I have one big beefsteak begonia. It was doing really well since I planted in a larg pot, but by mistake I put it outside to get some fresh air and sun was too bright and I think most of the leaves were burnt. Now it has so many new leaves, but they are pretty small like 3 or 4 inches. They used to be 6-7 inches. I feed the plant every 2-4 week though. Does any one have any recommendations for me to encourage bigger leaves for this plant?? Please!


On Feb 4, 2018, Giannis123 from Saginaw, MI wrote:

I love this plant! I've had my beefsteak begonia for nearly five years from a friend that had given me a small leaf with stem. My plant blooms nearly every season with petite white flowers on long stems. I plan on keeping this plant and giving to my children as a pass-me down. The begonia is so sun to watch the pretty forest green part of top leaf and maroon underside. Seeing the chartreuse vein is interesting and creates a love for a long lived plant.


On Jan 28, 2018, Hopgoddess from Murrysville, PA wrote:

I received this plant from an elderly neighbor that had to move. It is not in great shape having been neglected for a while. It is fairly large, and blooming right now. It has long, curling stems where it is obvious that these used to have many leaves attached. Is it possible to propagate by stem cuttings? What is the best method?


On Mar 19, 2017, wakingdream from Allentown, PA wrote:

I submitted my photo above as I attempted to propagate Begonia erythrophylla from a stem cutting in water and leaf wedges in soil. Both methods were very successful in two months' time. New leaves have been produced by the stem cutting, two of them while it was in water and two more since it was potted. I kept a vented, plastic bag humidity tent above it for 2 weeks or so after initially potting it up. Three of the leaf wedges produced plantlets, my first-ever success with this method of propagation. It was extremely gratifying to see them appearing like a green dot next to the sunken leaf wedge, and enlarging quickly to a current height of 3 inches with multiple new branches. I have not removed the plantlets from their community pot yet as other leaf wedges look like they may also p... read more


On Feb 26, 2017, Basporing from Columbus, NE wrote:

I was given a slip of this plant about 12 years from a lady who's plant was about 6 feet tall due to the lighting of the room in her house, she was 94 then and has since passed on.
I love this plant and this past December my son asked for a slip his is still in water and has bloomed this past week, be is so excited about it..We live in Nebraska and keep our plants in the east facing window but it does very well in the West facing also..Yes mine too is now starting it's blooms.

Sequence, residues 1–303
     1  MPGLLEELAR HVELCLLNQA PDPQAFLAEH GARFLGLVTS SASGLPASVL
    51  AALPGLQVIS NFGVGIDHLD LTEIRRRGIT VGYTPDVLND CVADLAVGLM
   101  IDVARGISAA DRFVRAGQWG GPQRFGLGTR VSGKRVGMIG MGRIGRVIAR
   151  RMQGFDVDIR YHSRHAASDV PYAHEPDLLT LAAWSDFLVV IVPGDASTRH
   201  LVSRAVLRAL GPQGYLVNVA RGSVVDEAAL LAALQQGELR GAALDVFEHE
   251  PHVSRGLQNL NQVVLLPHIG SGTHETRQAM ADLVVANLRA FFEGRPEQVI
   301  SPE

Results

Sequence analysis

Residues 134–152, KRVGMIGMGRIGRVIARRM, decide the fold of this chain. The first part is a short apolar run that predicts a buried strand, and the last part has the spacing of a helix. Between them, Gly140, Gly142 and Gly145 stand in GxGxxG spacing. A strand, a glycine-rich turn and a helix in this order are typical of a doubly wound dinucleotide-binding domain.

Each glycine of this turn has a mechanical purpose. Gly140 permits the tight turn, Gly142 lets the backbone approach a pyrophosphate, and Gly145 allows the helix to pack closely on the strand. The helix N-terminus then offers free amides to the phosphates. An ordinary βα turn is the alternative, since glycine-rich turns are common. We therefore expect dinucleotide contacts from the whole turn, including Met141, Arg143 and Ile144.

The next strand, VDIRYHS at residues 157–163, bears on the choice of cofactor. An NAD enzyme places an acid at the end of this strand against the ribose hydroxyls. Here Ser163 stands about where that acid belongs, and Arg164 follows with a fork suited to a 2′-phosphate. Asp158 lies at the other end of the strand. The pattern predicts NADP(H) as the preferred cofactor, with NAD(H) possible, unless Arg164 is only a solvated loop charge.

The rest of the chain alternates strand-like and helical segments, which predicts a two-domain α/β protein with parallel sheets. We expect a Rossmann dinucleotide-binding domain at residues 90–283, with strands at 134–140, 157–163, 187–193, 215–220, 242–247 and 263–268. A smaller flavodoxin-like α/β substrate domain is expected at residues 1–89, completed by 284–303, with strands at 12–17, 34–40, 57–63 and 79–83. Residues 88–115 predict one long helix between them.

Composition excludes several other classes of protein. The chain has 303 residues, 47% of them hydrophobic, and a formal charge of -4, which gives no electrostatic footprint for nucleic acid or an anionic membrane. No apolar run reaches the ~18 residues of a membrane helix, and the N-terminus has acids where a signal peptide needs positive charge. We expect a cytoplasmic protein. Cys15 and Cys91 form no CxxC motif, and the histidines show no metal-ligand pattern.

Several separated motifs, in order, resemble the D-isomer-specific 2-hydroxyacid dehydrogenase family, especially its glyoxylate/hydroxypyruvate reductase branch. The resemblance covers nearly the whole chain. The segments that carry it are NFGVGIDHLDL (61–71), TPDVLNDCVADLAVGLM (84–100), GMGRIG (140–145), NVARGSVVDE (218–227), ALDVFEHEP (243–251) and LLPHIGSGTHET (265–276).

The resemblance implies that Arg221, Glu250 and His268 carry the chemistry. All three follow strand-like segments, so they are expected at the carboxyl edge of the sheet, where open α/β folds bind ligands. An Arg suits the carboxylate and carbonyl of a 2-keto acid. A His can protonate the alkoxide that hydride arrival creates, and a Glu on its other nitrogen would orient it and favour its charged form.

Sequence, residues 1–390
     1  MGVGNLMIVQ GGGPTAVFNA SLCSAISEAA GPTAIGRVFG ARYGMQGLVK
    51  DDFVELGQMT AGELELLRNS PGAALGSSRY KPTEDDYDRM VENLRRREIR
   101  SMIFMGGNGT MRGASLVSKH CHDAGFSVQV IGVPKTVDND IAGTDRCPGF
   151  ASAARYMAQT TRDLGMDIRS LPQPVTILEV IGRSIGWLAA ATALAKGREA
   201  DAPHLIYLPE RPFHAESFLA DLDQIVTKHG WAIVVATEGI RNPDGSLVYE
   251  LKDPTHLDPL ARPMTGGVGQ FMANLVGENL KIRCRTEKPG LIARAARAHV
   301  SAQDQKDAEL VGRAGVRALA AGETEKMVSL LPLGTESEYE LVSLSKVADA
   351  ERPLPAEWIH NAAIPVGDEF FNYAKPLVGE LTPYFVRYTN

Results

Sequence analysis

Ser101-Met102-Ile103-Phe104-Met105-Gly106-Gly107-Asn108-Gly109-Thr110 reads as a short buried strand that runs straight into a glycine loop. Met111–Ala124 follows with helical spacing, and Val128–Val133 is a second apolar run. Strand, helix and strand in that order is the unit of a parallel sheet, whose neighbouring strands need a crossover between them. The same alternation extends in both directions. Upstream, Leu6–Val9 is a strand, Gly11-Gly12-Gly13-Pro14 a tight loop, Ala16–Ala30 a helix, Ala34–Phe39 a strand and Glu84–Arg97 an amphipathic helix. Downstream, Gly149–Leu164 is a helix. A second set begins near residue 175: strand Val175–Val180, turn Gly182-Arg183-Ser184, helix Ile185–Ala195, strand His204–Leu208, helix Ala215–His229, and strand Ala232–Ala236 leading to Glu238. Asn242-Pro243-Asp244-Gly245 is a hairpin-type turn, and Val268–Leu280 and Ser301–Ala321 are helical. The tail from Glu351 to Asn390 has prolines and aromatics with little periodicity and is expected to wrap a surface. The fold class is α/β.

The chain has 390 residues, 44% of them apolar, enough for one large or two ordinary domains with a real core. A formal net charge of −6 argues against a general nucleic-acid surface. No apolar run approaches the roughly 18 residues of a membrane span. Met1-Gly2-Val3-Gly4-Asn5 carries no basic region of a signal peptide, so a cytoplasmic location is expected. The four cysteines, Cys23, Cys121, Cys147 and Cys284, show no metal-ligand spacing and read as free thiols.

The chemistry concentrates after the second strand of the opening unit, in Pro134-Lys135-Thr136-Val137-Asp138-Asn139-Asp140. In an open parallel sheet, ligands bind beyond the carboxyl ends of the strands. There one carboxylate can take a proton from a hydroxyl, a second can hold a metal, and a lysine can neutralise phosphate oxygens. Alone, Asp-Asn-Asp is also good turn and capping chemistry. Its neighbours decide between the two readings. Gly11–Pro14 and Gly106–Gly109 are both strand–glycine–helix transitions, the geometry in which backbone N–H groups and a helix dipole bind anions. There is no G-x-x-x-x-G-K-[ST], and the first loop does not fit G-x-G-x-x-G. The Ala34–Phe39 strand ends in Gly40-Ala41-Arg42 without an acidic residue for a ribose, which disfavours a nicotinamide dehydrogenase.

On Sep 14, 2012, birder17 from Jackson, MO (Zone 6b) wrote:

I love, love, love this plant. It is a most unique houseplant because the gorgeous, shiny leaves make a circle with the edge of the leaf circling around to the other side of the stem. I have it next to my north window, and the sunlight from the outside shines through the leaf. You can see the chartreuse, large vein radiating out from the stem on the background of the maroon underside of the leaf and the top side of this leaf is a rich, dark, forest green. So, you have dark, glossy, forest green on the topside and deep maroon on the bottom with chartreuse vein going through the leaf. It's a beautiful contrast and quite striking.
I rec'd this plant from a good friend who had propagated hers. Propagation can be done two ways that I know of:
1. Cut the leaf right next t... read more


On Apr 10, 2011, cam2 from Gustine, TX (Zone 8a) wrote:

I love this plant! My mother gave me her's (seems like a recurrent theme) many years ago. I thought I had lost it in the hard winter two years ago, but a small part managed to live, and is growing and getting large again ~ in fact, this Spring it has had more blooms than it ever has.


On Dec 31, 2010, Horsefarm1 from Simpsonville, KY wrote:

My Beefsteak begonia belonged to my mother and is over 60 years old. I remember it from my childhood. The plant is now in the largest pot that I can pick up and move, with stems draped over the side, and blooms beautifully for months in the Spring and Summer. I move it outside - under the maple trees - where it gets filtered sunlight. I give it a weak fertilizing when in bloom, and also give it epsom salts dissolved in warm water - it must really like this - about every two months or so. Follow the directions on the package. Inside, it enjoys bright light but no direct sunshine. This begonia brings back so many happy memories!